A small creek is causing big trouble for Chuitna mine developers and the Alaska Department of Natural Resources.
The Alaska Department of Natural Resources, or DNR, heard arguments from Chuitna Citizens Coalition, Cook Inletkeeper, the Alaska Center for the Environment and PacRim Coal in the latest installment of a lengthy and contentious permitting process for a proposed coalmine in the Chuitna River drainage.
The hearing centered not as much around the well-established pro-mining and pro-salmon arguments as a regulatory question. Representatives presented arguments for whether or not DNR should grant water rights to Chuitna Citizens Coalition, with which the Chuitna organization could potentially halt PacRim’s ongoing regulatory permitting process.
“The big issue for us is the policy issue, whether DNR is to allow private citizens to take part in the permitting process,” said Eric Fjelstad, an attorney representing PacRim. “We think that answer should clearly be no.”
PacRim’s proposal has seen intense criticism from Alaskans, who have collectively sent over 7,500 letters of public comment to the DNR opposing the mine and supporting the establishment of water rights aimed at salmon habitat preservation.
The mine would require PacRim to dewater 20 square miles of salmon spawning grounds to dig a strip mine for low sulphur coal.
Chuitna Citizens Coalition, Cook Inletkeeper and the Alaska Center for the Environment have filed for instream flow reservations, or IFRs, which would grant a measure of regulatory authority for one of the Chuitna River tributaries, Middle Creek. PacRim cannot build the mine without draining this stream.
PacRim objects roundly to Chuitna Citizens Coalition’s IFR. IFRs are typically reserved for state and local governments, rather than private citizens or coalitions, though certain isolated cases exist giving IFRs to non-governmental organizations, according to Trustees for Alaska legal director Valerie Brown.
PacRim and others argued that the unintended consequences of awarding IFRs to private citizens sets a dangerous precedent for investment and development in Alaska.
“There is no need (for privatizing IFRs) when you have the kind of permitting process you have here,” Fjelstad said. “The resources that you have here will be squarely addressed by the permitting process. This is the big issue. It’s the reason trade groups are here. They care about the integrity of the process.”
Indeed, several representatives from oil, gas and mining industries with no vested interest in the Chuitna Coal Project, including the Alaska Oil and Gas Association and the Alaska Miners Association, also voiced fear that granting Chuitna Citizens Coalition an IFR would have negative impacts on the industry.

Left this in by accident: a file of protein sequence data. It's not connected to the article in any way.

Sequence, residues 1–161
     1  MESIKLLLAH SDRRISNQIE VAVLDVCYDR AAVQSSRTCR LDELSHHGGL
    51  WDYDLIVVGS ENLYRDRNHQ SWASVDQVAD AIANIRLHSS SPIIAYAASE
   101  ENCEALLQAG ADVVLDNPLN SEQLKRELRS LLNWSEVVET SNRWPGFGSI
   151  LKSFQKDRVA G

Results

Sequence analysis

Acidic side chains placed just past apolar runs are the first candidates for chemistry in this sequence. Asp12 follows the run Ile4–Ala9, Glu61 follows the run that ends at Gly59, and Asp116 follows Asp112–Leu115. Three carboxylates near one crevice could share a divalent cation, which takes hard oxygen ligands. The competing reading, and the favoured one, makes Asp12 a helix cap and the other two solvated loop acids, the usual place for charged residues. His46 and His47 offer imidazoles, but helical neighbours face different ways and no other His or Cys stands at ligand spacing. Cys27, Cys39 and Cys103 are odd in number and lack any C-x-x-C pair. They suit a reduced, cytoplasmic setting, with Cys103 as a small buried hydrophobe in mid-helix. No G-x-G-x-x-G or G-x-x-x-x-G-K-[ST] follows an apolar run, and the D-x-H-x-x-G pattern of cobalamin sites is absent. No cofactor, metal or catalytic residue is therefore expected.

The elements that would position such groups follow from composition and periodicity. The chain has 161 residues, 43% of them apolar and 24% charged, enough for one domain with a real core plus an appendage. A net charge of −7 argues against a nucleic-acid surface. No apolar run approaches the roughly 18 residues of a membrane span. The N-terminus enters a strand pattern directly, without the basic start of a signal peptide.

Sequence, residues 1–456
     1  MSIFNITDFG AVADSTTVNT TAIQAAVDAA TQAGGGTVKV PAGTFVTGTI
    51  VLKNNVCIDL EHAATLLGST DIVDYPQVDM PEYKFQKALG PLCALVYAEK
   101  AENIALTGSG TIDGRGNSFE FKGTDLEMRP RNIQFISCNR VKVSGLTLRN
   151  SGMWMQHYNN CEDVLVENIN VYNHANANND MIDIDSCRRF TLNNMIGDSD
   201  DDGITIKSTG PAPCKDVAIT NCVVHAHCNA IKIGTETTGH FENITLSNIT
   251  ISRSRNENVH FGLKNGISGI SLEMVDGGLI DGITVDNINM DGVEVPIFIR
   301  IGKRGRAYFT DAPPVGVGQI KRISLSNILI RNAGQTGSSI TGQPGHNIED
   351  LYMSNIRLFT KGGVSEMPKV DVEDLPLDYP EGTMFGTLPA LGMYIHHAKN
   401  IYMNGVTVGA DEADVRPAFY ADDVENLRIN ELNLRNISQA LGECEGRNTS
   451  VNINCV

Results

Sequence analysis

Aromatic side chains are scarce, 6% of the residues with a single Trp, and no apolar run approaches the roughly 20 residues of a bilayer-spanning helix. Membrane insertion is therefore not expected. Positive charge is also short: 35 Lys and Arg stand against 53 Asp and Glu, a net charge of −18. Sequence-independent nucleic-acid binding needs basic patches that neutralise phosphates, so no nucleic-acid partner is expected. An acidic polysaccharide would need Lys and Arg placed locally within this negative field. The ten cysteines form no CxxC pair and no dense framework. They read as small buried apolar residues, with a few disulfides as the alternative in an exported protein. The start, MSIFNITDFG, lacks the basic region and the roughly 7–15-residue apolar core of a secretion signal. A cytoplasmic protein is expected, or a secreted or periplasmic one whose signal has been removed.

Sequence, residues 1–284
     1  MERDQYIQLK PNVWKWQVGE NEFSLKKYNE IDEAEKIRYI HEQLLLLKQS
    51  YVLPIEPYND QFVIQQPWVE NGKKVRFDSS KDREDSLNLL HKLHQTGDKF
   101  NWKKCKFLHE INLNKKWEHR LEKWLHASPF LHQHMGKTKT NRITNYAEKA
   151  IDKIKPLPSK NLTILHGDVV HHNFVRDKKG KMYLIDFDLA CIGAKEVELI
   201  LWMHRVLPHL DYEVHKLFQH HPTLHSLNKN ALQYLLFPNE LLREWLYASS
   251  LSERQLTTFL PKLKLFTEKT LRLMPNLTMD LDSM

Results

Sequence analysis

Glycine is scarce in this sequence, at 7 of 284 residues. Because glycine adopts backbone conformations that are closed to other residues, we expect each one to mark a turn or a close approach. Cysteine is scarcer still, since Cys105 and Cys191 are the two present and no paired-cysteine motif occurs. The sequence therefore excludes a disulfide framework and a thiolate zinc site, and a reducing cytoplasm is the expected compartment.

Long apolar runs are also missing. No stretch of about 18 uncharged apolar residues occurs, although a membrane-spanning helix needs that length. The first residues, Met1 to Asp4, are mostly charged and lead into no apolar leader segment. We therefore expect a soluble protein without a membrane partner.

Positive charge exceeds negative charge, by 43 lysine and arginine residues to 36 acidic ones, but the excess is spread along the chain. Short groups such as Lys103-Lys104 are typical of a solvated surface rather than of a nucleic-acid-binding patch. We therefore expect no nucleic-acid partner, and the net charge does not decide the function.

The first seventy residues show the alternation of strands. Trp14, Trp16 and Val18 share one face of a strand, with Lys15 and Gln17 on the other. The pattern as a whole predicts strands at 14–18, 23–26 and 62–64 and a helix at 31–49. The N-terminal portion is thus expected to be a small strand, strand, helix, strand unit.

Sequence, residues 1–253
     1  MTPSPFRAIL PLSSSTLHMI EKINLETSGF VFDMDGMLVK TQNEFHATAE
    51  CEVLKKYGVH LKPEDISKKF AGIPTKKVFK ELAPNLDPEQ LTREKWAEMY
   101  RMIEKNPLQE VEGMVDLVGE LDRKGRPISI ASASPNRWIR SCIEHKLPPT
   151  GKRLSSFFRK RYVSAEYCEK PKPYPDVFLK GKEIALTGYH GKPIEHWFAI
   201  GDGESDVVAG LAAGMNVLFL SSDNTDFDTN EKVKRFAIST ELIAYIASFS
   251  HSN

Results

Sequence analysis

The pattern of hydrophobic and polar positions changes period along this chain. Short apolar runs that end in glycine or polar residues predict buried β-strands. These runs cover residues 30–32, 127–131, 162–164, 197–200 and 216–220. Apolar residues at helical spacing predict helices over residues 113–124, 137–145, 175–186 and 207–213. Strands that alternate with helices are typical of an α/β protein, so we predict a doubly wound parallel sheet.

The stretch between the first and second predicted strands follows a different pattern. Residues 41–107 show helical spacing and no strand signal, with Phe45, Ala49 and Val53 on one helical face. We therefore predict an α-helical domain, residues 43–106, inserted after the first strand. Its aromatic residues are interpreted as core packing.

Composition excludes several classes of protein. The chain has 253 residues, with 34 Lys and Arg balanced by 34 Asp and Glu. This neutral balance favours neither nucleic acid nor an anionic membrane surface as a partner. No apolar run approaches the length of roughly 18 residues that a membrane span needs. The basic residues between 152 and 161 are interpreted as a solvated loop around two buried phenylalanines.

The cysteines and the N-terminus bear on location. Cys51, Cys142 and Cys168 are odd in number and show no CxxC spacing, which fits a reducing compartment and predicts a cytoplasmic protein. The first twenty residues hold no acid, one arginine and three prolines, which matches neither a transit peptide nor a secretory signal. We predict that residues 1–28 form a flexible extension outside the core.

“It makes very little sense for water flow decisions to be made outside the regulatory framework of the permitting process,” said Alaska Miners Association executive director Deantha Crockett. “Alaskans rely on the permitting process. Chuitna is no exception.”
The permitting process itself, mine proponents said, already takes into account the best public interest and conservation issues that concern Chuitna Citizens Coalition and others. DNR will always have those factors to consider, and snagging the process won’t help, they said.
“There’s no upside to Alaska making this decision now,” said Josh McAndrew, counsel for the Alaska Oil and Gas Association. “If you want to make a decision (to halt permitting) later, fine. Wait until you have all the information after the tried and true permitting process.”
The Alaska Mental Health Trust, the landowner for the bulk of the proposed mine, is entitled to a percentage of mineral rights through a state trust, and argued against DNR granting IFRs because it would hinder the public interest.
“The Alaska trust is the predominant land owner in the Chuitna River drainage,” said John Morrison from the Alaska Mental Health Trust. “The revenue anticipated from this project alone will effectively double our historic revenue from trust lands. The granting of an IFR would be the end of this project. The state has a fiduciary duty to trust land.”
Brown argued that the IFRs would be
Brown argued that the IFRs would be in harmony with the Water Use Act, that the three private organizations have followed each requirement for filing, and that the fears of the mining industry are overblown.
“This doesn’t turn (Chuitna Citizens Coalition) into some jackbooted regulator,” said Brown. You have limited ability to do much. This does not prevent the administrative process. It won’t change the proceedings. We have a right to the adjudication.”
Bob Shavelson, executive director of Cook Inletkeeper, disagreed that DNR’s choice amounted to a regulatory procedure, and said that the matter at hand is, and can only be, about the health of the salmon.
“This isn’t about the regulatory issue,” Shavelson said. “It’s about the fish… I’ve heard time and again that fish and mining can coexist. I’m sure there was a lot of money behind that at PacRim’s office. You can’t have it both ways. You’re either going to mine, or you’re going to fish, you can’t have both.”
DNR has a tentative date of Oct. 9 scheduled for the IFR decision.
DJ Summers is a reporter for the Alaska Journal of Commerce.